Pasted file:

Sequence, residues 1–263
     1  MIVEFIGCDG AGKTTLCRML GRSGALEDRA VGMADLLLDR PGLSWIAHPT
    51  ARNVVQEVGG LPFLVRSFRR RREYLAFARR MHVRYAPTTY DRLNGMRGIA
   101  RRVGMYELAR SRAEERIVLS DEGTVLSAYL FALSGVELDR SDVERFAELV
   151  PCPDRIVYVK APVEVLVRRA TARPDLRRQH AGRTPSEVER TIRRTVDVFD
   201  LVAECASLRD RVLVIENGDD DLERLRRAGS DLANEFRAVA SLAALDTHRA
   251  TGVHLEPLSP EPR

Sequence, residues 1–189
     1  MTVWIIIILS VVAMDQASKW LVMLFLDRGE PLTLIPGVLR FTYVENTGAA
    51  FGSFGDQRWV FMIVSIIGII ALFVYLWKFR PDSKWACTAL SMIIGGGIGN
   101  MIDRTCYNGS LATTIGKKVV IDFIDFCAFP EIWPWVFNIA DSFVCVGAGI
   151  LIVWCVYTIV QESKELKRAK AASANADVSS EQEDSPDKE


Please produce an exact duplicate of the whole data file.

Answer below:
Sequence, residues 1–263
     1  MIVEFIGCDG AGKTTLCRML GRSGALEDRA VGMADLLLDR PGLSWIAHPT
    51  ARNVVQEVGG LPFLVRSFRR RREYLAFARR MHVRYAPTTY DRLNGMRGIA
   101  RRVGMYELAR SRAEERIVLS DEGTVLSAYL FALSGVELDR SDVERFAELV
   151  PCPDRIVYVK APVEVLVRRA TARPDLRRQH AGRTPSEVER TIRRTVDVFD
   201  LVAECASLRD RVLVIENGDD DLERLRRAGS DLANEFRAVA SLAALDTHRA
   251  TGVHLEPLSP EPR

Sequence, residues 1–189
     1  MTVWIIIILS VVAMDQASKW LVMLFLDRGE PLTLIPGVLR FTYVENTGAA
    51  FGSFGDQRWV FMIVSIIGII ALFVYLWKFR PDSKWACTAL SMIIGGGIGN
   101  MIDRTCYNGS LATTIGKKVV IDFIDFCAFP EIWPWVFNIA DSFVCVGAGI
   151  LIVWCVYTIV QESKELKRAK AASANADVSS EQEDSPDKE